Did you hear what is said about the Egyptians? They will mistreat the children of Israel for 400 years! For 400 years God will weep and cry with His children. For 400 years God will endure the pain of His children. For 400 years God will hold off punishment.

The same thing is said about the Amorites. God will hold off punishment for the Amorites until the fourth generation.

Do you hear the patience of God? We are talking about horrible sins and horrible sinners. They enslave and mistreat. They drown newborn babies. They sacrifice and kill their own children. They commit sodomy. They violate the ancient laws about hospitality. They sin against God and man. They rebel against those over them. They kill and maim and murder and steal. Yet, God is willing to wait. Yet, God is willing to hold off. Yet, God is willing to postpone action.

B And, God gives a reason: "for the sin of the Amorites has not yet reached its full measure" (Gen 15:16).

This is not the only time we hear this sort of language. For instance, when did Christ come? Scripture tells us, "But when the time had fully come, God sent his Son, born of a woman, born under law ..." (Gal 4:4). And, when is Jesus coming again? Christ is coming again "when the times will have reached their fulfillment" (Eph 1:10).

Do you remember the series of judgments in the Revelation? The judgments started with the opening of the seven seals. At that time, Death and Hades were given power over a fourth of the earth to kill by sword, famine, and plague (Rev 6:8). This was followed by the blowing of the seven trumpets. At that time, a third of the earth was burned up, a third of the sea was turned into blood, a third of the waters turned bitter, and so on (Rev 8:7-13). This was followed by the seven thunders. After hearing about judgment on a fourth of the earth and a third of the earth we would now expect some kind of judgment on a half of the earth; but John is told to seal up what the seven thunders have said and to not write it down (Rev 10:3-4). This is followed by the pouring out of the seven bowls. This time judgment falls upon all the earth because God's wrath is now complete (Rev 15:1ff).

Do you hear what Scripture says? God has a measure. God has a plan. It is God Who judges when the time is right. It is not for us to know the times or dates or measures the Father has set by His own authority (Acts 1:7). God is in control. Things are in His hands. He is waiting and weighing and measuring and considering and taking note.

"The sin of the Amorites has not yet reached its full measure" (Gen 15:16). Doesn't this talk of a full measure sound a little strange? God says wicked people have a measure of iniquity to fill up, a measure that is known only to Him. Some people fill their measure quickly. Other people fill their measure slowly. But whether it is quick or slow, God waits patiently and bears with them.

"The sin of the Amorites has not yet reached its full measure" (Gen 15:16). Do you realize what else this means? This means there will be more sin and worse sin on the part of the Amorites. How do you think Abraham reacted to this? If I was Abraham, I would be thinking to myself,
"You got to be kidding, God. You are going to let them keep on sinning? You are going to let them do more sin and worse sin? You are going to let them keep doing their evil?"

C God has a measure. And God is patient. It is Peter who explains God's patience in terms of the day of the judgment.
(2Pt 3:9) The Lord is not slow in keeping his promise, as some understand slowness. He is patient with you, not wanting anyone to perish, but everyone to come to repentance.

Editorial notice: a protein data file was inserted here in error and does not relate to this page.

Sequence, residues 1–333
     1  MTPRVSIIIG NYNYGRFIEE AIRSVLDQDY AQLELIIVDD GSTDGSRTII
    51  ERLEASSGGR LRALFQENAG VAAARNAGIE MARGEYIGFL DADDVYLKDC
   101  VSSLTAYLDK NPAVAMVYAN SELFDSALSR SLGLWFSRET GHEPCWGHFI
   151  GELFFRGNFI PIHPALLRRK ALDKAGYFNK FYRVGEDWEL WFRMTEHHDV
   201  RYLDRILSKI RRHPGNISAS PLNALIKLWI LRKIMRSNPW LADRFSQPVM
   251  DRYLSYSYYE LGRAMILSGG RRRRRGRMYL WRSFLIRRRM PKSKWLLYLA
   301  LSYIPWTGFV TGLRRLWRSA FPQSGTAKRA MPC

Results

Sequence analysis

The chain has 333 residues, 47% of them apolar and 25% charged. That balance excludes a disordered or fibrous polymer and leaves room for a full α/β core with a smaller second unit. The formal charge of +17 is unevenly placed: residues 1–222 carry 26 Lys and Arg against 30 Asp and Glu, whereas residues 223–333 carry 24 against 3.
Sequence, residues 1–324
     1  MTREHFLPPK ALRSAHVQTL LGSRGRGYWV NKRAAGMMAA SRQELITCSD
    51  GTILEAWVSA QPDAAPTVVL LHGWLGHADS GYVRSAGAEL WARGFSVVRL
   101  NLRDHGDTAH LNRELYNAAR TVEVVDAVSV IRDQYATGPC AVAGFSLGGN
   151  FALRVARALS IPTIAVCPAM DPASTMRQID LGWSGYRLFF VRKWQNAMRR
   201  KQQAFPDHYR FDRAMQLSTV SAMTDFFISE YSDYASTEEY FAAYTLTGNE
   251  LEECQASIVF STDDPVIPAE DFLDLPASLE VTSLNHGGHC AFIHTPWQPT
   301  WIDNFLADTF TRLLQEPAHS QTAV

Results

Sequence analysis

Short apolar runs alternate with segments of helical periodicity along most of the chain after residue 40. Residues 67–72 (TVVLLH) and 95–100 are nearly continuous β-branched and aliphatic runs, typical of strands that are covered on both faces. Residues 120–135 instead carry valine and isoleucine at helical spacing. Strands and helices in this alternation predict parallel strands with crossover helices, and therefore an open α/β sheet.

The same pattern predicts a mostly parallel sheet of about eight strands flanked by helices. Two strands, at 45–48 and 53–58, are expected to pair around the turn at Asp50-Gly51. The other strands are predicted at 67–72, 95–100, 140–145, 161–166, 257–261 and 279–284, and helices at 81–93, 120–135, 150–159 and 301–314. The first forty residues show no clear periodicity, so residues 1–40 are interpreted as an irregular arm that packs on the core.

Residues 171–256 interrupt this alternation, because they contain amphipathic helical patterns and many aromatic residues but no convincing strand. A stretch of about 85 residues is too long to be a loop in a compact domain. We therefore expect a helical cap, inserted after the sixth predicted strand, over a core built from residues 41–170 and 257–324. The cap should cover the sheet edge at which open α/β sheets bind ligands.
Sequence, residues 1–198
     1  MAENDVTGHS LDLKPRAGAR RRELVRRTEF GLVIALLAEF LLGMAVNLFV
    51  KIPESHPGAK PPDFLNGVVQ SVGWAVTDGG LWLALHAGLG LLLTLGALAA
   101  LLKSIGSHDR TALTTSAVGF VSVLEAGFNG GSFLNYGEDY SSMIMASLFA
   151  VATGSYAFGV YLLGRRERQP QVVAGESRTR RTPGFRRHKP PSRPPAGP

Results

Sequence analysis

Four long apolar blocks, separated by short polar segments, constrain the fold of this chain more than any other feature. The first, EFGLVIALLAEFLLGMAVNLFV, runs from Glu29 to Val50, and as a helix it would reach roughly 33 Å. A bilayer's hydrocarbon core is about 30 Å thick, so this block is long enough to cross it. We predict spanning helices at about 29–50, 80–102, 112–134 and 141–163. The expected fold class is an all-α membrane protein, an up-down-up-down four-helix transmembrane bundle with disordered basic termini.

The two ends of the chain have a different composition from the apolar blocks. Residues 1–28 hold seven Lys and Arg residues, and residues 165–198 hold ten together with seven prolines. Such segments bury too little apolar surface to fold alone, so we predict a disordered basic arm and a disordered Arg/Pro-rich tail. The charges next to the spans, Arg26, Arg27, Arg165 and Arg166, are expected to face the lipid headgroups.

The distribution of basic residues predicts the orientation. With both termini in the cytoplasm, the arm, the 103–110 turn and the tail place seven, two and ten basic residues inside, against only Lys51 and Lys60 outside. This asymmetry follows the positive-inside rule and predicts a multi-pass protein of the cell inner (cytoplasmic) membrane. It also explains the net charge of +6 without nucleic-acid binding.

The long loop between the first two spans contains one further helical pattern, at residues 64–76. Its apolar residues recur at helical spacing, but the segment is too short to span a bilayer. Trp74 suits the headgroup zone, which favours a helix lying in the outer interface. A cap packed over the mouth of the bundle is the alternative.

God is patient. He is so patient with sinners. He is so patient with Egyptians and Amorites. He is so patient with you and with me. He is patient because His measure is not yet full. He is patient because more evil and sin can still be done. He is patient because He wants to give everyone an opportunity to repent of their sin and believe in the Lord Jesus Christ.

III God's Judgment
A The third thing we see in our passage is God's judgment.

The "big lie" in popular culture today is that there are no consequences to sin. Watch TV sometime. The drunks are all funny drunks. They are the life of the party, loved by all. They don't get into car wrecks and kill people. They don't lose their jobs. They don't turn their homes into hell on earth. In popular culture sexual immorality is always romantic, glamorous, and exciting. Teenagers seldom get pregnant. No one seems to get an STD. Single moms don't live in poverty. Adultery doesn't lead to divorce and heartbroken children. Abortions happen without any regrets.

Do you see the popular depiction of sin? Sin is painless and has no downside.

As I said, this is the big lie today. But what does Paul say in our text?
(Gal 6:7) Do not be deceived: God cannot be mocked. A man reaps what he sows.
The Bible's message: sin has consequences; but, so does righteous living.

B Our Bible reading reminds us there are two kinds of judgments. First, there is the judgment of those who are righteous in Christ.

We see this judgment in the case of Abraham. Did you take note of what God promised to Abraham?
(Gen 15:15) You, however, will go to your fathers in peace and be buried at a good old age.
You reap what you sow. Abraham prayed to God. Abraham sacrificed to God. Abraham worshiped God. Abraham believed God and obeyed God and followed God. Abraham trusted God. So, being righteous in Christ, Abraham died in peace and at an old age. "A man reaps what he sows" (Gal 6:7).

Abraham shows us and reminds us that holiness is a harvest. That growth in grace depends on what one sows. Do we want to grow in spiritual maturity? Do we want to hear the Father's commendation, "Well done, my good and faithful servant!"? Well, what are we sowing? Are we participating twice each Sunday in worship? Do we spend time daily in Bible reading and prayer? Do we practice tithing and sacrificial giving? Do we observe the Sabbath? Do we participate in the sacraments? Do we fellowship with the saints? What are we sowing because we reap what we sow?

C But, there is also another kind of judgment. This is the judgment of those who don't repent and believe. This is the judgment of those who persist in their sins. This is the judgment of those who think they can mock God and get away with it. This is the judgment God promises for the Egyptians and the Amorites.

Know this: once God's measure is full, His patience runs out! And, once His patience runs out the result can only be judgment, eternal judgment. Look at the Egyptians. They lost their firstborn their firstborn in people, cattle, sheep, and goats. They lost a great portion of their wealth. They lost their Pharaoh and his army. In fact, Israel left behind an Egypt that was simply devastated by the judgments of God. And, look at the Amorites. We see them as Israel approaches the Promised Land. But after the conquest we hear no more of them; they have been extinguished and exterminated. "You reap what you sow."

My brothers and sisters, "Do not be deceived: God cannot be mocked. A man reaps what he sows" (Gal 6:7).

What are you sowing? And, what are you reaping?
You can e-mail our pastor at: Pastor, Trinity United Reformed Church
Back to Index of Sermons Page